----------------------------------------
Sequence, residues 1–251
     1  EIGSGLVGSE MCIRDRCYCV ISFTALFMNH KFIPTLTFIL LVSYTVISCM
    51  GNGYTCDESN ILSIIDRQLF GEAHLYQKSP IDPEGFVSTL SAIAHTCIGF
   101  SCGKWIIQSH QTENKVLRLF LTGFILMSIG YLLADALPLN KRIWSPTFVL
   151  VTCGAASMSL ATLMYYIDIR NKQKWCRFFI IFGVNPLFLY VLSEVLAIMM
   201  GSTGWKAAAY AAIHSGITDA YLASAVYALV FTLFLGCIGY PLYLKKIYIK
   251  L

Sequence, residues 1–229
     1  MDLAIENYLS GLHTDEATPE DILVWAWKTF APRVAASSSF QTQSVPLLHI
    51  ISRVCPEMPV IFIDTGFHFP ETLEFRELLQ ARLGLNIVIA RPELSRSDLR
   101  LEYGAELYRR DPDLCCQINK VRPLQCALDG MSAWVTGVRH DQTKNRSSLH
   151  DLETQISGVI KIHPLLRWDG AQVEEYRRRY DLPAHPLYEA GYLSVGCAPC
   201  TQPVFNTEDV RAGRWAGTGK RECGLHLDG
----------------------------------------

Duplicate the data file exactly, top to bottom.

Sequence, residues 1–251
     1  EIGSGLVGSE MCIRDRCYCV ISFTALFMNH KFIPTLTFIL LVSYTVISCM
    51  GNGYTCDESN ILSIIDRQLF GEAHLYQKSP IDPEGFVSTL SAIAHTCIGF
   101  SCGKWIIQSH QTENKVLRLF LTGFILMSIG YLLADALPLN KRIWSPTFVL
   151  VTCGAASMSL ATLMYYIDIR NKQKWCRFFI IFGVNPLFLY VLSEVLAIMM
   201  GSTGWKAAAY AAIHSGITDA YLASAVYALV FTLFLGCIGY PLYLKKIYIK
   251  L

Sequence, residues 1–229
     1  MDLAIENYLS GLHTDEATPE DILVWAWKTF APRVAASSSF QTQSVPLLHI
    51  ISRVCPEMPV IFIDTGFHFP ETLEFRELLQ ARLGLNIVIA RPELSRSDLR
   101  LEYGAELYRR DPDLCCQINK VRPLQCALDG MSAWVTGVRH DQTKNRSSLH
   151  DLETQISGVI KIHPLLRWDG AQVEEYRRRY DLPAHPLYEA GYLSVGCAPC
   201  TQPVFNTEDV RAGRWAGTGK RECGLHLDG